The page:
The components of the swivel connector shown may be made of autoclavable plastic. As an alternative method of use, the device is sufficiently inexpensive that it can be used on a disposable basis, as opposed to being sterilized and reused.

Patent Citations
Cited PatentFiling datePublication dateApplicantTitle
US2820651 *Sep 28, 1953Jan 21, 1958Phillips John WCompound swivel adapter
US3504935 *Feb 3, 1969Apr 7, 1970Gullihur Carl WSwivel coupling for fluid conduit
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US4633890 *Dec 4, 1984Jan 6, 1987Edward CardenAnaesthetist's gas pollution inhibitor
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Non-Patent Citations
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2Manufacturing Processes, Roberts & Capidge, McGraw-Hill, 1977, p. 49, "Fits".
Referenced by
Citing PatentFiling datePublication dateApplicantTitle
US5284134 *Jul 16, 1992Feb 8, 1994Vaughn E LannyFor use in intravenous liquid supply/oxygen supply lines
US5549645 *Jan 19, 1995Aug 27, 1996Frey; James R.Peritoneal dialysis catheter clip and method
US5572994 *Jun 7, 1995Nov 12, 1996Smith; Steven W.Occlusion resistant oxygen supply conduit for a nasal cannula
US5887587 *Dec 7, 1994Mar 30, 1999Edentec CorporationFacial mask for respiratory apparatus
US6112745 *Nov 19, 1998Sep 5, 2000Map Medizintechnik Fur Arzt Und Patient GmbhSound absorber for a respirator
US6409227 *Dec 21, 2000Jun 25, 2002Wen Hua LuFast rotation joint
US6561193Oct 29, 1999May 13, 2003Linda J. NobleNasal gas delivery apparatus and a nasal vestibular airway
US6569128 *Sep 22, 1999May 27, 2003Advanced Infusion CorporationCatheter with adjustable flow restrictor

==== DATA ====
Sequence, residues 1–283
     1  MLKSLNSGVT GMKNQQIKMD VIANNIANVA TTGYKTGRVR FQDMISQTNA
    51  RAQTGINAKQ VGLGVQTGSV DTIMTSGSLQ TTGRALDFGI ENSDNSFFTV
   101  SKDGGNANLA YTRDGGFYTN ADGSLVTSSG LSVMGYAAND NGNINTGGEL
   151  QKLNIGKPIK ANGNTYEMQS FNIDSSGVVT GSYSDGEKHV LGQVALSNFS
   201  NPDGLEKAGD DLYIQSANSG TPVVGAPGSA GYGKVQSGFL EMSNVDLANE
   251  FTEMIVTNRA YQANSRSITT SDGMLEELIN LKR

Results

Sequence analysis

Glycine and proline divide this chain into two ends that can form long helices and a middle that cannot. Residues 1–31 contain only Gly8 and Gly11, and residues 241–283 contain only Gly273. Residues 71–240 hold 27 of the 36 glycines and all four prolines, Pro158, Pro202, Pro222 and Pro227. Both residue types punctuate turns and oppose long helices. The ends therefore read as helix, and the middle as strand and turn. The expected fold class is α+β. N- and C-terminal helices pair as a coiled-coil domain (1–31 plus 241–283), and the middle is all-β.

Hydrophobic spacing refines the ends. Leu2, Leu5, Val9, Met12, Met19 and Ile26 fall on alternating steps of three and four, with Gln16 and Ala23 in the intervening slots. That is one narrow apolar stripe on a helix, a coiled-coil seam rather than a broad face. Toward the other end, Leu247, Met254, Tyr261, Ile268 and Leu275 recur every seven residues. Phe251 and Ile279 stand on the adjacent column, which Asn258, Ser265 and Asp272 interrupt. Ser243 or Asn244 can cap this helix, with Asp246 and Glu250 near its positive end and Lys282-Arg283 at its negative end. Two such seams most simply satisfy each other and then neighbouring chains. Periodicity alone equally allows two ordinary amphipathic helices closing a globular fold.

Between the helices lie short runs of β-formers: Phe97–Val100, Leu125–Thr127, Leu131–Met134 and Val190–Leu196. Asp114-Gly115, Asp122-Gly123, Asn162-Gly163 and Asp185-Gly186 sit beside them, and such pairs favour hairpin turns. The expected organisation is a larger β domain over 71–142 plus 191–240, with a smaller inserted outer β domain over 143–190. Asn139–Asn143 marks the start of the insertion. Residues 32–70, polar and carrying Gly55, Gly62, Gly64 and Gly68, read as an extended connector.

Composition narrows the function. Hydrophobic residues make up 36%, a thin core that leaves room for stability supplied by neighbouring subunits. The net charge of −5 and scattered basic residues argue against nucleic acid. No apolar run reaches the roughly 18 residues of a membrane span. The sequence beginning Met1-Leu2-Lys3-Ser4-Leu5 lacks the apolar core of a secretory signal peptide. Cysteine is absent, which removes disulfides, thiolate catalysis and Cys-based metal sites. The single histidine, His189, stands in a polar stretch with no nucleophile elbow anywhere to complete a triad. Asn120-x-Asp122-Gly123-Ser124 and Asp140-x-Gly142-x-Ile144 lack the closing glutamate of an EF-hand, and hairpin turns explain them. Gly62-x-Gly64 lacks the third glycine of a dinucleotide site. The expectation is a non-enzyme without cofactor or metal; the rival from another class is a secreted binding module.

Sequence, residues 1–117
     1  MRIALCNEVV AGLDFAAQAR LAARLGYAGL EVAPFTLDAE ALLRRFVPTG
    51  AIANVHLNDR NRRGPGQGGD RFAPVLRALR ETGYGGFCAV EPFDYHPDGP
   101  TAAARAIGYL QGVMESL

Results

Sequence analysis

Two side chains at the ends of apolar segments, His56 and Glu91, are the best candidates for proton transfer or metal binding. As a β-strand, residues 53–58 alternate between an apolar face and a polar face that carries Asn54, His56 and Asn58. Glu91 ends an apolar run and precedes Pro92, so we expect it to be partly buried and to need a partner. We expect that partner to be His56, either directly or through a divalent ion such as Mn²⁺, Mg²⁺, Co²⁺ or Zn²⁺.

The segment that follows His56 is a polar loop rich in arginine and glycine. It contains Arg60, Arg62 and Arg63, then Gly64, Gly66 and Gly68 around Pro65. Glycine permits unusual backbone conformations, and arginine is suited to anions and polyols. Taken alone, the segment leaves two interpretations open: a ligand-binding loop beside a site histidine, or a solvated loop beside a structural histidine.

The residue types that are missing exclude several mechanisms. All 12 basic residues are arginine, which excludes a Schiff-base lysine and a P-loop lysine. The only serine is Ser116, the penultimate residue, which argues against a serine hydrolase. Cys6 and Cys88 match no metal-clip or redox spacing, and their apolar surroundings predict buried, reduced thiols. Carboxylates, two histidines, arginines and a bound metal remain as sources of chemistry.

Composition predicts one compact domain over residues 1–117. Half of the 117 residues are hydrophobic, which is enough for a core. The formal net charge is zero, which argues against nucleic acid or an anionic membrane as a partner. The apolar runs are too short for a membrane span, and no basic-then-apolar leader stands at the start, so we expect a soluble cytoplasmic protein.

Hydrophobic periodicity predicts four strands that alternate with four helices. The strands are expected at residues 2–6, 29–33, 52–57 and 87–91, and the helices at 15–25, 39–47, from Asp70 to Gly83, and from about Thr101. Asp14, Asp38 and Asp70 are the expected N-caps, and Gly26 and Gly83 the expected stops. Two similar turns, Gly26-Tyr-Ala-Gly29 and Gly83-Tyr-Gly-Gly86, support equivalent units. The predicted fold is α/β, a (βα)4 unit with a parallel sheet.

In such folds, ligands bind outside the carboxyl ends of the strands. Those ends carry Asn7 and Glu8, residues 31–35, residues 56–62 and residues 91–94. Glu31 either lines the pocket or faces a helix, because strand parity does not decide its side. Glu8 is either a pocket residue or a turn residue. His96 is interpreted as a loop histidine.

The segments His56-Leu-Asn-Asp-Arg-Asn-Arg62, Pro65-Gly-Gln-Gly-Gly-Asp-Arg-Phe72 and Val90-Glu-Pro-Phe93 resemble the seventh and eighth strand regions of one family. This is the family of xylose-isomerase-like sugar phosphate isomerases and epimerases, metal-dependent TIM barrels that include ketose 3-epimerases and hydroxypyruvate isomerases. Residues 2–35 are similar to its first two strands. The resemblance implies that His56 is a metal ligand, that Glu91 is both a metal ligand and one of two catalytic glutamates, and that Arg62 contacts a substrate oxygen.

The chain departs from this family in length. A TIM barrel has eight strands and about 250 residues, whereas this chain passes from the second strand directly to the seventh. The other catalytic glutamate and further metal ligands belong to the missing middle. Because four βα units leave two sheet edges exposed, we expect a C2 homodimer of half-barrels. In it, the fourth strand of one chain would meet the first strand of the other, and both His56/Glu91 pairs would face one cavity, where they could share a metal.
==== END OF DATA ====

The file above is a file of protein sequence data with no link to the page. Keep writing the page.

US6637434Jun 28, 2002Oct 28, 2003Linda J. NobleNasal gas delivery system and method for use thereof
US6698424Dec 21, 2001Mar 2, 2004Kimberly-Clark Worldwide, Inc.Medical connector for a respiratory assembly
US6848446Aug 13, 2003Feb 1, 2005Linda NobleNasal gas delivery system and method for use thereof
US7614401Aug 6, 2003Nov 10, 2009Paul S. ThompsonNasal cannula assembly
US8505170Jan 19, 2011Aug 13, 2013Deborah B. GrayAdjustable line clip holder
US8721612Dec 16, 2011May 13, 2014Hospira, Inc.System and method for intermixing the contents of two containers
US8770199Dec 4, 2013Jul 8, 2014Ino Therapeutics LlcCannula for minimizing dilution of dosing during nitric oxide delivery
EP1520599A1 *Oct 1, 2004Apr 6, 2005Fisher & Paykel Healthcare LimitedSwivel connector
EP2566569A1 *May 21, 2010Mar 13, 2013Carmel Pharma ABConnector, fluid container.
U.S. Classification128/200.24, 128/DIG.26, 128/207.18, 285/281, 128/204.18, 128/912, 285/98
International ClassificationA61M16/06, F16L27/08, A61M16/08
Cooperative ClassificationY10S604/905, Y10S128/26, Y10S128/912, F16L37/53, F16L27/0816, A61M16/08, A61M16/0672
European ClassificationF16L37/53, F16L27/08B2B2, A61M16/08
Legal Events
Aug 23, 2005FPExpired due to failure to pay maintenance fee
Effective date: 20050629
Jun 29, 2005LAPSLapse for failure to pay maintenance fees
Jan 12, 2005REMIMaintenance fee reminder mailed
Dec 5, 2000FPAYFee payment
Year of fee payment: 8
Sep 30, 1996FPAYFee payment
Year of fee payment: 4
Mar 11, 1992ASAssignment
Effective date: 19920309